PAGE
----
The idea of a public place for ritual and worship is as old as humanity, with the remains of ancient altars and temples found throughout the world. The modern synagogue combines in its physical structure and in its prayers and ceremonies, the memory of such places in the history of Judaism.
One of the earliest centres of Jewish public ritual was the Tabernacle, a large portable tent-like structure carried by the people as they wandered in the desert for forty years, and described in precise detail in the book of Exodus. The Tabernacle housed the Ark of the Covenant in its Holy of Holies, as well as the ‘menorah’, the seven branched golden candelabrum, which appears on the home page of this website as a symbol of Judaism.
The Tabernacle continued to serve as the spiritual focal point for the Jewish people in the Land of Israel for another 440 years. It stood for 14 years in Gilgal, for 369 years at the “threshing floor of Shiloh” (presently a West Bank “settlement”), and for 57 years in Nob and Gibeon.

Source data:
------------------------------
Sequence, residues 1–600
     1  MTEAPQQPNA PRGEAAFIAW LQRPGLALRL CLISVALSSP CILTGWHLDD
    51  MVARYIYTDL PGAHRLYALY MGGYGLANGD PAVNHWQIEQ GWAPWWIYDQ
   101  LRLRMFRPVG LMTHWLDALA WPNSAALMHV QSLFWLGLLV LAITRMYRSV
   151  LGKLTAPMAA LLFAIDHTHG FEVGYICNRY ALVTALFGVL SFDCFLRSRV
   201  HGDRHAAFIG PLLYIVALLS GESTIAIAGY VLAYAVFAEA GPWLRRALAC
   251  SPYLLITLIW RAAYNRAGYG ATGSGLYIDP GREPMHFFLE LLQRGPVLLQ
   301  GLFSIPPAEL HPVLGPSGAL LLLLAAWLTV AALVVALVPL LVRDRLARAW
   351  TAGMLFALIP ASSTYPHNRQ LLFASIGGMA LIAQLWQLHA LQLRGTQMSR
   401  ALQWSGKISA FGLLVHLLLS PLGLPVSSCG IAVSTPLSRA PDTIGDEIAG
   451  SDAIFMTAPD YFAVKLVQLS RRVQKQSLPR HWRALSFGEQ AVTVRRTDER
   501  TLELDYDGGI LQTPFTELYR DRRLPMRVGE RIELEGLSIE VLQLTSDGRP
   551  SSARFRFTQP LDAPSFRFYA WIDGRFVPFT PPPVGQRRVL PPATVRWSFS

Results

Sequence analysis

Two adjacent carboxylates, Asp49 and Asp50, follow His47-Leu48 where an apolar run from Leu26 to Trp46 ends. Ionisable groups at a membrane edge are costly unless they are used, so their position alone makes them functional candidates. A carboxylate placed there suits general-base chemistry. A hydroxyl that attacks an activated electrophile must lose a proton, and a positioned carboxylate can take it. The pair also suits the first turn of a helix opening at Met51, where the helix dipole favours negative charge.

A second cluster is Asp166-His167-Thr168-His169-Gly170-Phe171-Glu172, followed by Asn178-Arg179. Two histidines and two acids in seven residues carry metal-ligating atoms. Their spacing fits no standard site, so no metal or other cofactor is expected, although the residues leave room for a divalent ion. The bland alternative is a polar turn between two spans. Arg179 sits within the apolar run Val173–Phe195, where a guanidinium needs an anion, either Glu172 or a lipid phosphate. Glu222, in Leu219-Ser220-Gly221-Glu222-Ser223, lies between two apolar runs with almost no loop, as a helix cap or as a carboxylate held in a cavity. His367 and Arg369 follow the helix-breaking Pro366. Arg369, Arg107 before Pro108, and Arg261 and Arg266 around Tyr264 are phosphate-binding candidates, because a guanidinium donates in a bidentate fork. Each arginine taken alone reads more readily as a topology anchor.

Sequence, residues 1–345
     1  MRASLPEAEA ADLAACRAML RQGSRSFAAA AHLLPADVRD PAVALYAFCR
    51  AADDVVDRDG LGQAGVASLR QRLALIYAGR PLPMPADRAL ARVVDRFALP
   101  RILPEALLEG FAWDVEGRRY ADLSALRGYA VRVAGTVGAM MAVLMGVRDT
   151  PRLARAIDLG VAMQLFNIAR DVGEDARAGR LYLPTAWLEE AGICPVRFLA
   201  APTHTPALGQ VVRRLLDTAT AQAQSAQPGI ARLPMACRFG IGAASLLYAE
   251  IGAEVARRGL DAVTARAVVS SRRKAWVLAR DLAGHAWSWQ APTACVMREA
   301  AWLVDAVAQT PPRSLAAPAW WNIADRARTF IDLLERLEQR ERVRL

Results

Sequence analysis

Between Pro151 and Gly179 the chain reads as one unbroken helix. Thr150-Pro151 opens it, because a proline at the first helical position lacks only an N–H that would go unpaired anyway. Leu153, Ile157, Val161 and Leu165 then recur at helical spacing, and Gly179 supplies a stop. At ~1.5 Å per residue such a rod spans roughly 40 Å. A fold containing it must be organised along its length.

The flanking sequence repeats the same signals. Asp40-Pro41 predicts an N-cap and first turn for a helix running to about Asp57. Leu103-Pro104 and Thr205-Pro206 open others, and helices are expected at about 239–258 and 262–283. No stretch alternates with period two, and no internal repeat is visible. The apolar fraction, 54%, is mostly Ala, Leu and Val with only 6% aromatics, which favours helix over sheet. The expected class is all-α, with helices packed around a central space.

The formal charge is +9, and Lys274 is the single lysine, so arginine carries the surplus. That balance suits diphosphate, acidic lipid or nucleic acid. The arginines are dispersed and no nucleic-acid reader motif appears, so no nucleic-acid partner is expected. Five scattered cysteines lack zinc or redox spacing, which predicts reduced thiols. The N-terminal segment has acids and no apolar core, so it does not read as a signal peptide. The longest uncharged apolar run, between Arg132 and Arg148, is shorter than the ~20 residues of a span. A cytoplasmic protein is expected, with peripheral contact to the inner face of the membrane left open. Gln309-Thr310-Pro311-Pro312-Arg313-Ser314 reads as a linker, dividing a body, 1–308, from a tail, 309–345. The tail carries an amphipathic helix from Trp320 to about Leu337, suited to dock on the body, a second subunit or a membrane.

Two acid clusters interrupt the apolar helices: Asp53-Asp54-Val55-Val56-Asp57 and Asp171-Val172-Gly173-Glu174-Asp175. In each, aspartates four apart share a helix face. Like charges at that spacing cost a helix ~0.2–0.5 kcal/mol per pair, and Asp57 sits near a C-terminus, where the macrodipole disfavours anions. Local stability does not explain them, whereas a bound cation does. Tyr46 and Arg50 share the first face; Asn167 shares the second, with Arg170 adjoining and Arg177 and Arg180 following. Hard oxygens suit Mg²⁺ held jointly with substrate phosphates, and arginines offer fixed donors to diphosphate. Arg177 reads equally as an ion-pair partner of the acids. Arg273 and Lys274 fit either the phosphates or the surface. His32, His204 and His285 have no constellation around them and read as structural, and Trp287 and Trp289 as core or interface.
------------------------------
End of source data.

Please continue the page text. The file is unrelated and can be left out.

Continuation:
In about 1,000 BCE, Jewish life in the Land reached a peak of achievement with the Kingdoms of David and Solomon and the building of the Temple in Jerusalem. Judaism now celebrated festivals of national pilgrimage, and a liturgy comprising the inspired poetry of the Psalms was sung in a Temple administered by hereditary priests and scribes and musicians. (The word ‘cohen’ means ‘priest’ – Jews today with the family names Cohen/Cohn/Kahn/etc. are descendents of those priests. Jews named Levi/Levy/Levine/etc are descendants of the scribes and musicians.)
The Temple was destroyed by the Babylonian army of Nebuchadnezzar in 586 BCE, and the Jewish leadership was exiled, many into slavery in Babylon. When the re-building of the Temple began in 515 BCE, after the return to Jerusalem, Ezra the scribe instituted the public reading of the Law, which is now a centrepiece of the synagogue service.
In 70 CE the Second Temple in Jerusalem was destroyed by the Romans. Rome celebrated its victory by building the Arch of Titus, which still stands in the Forum there. The facade of the Arch shows the Roman legion in its triumphal procession in Rome, bearing the sacred objects of the Temple including the menorah, which has never since been found.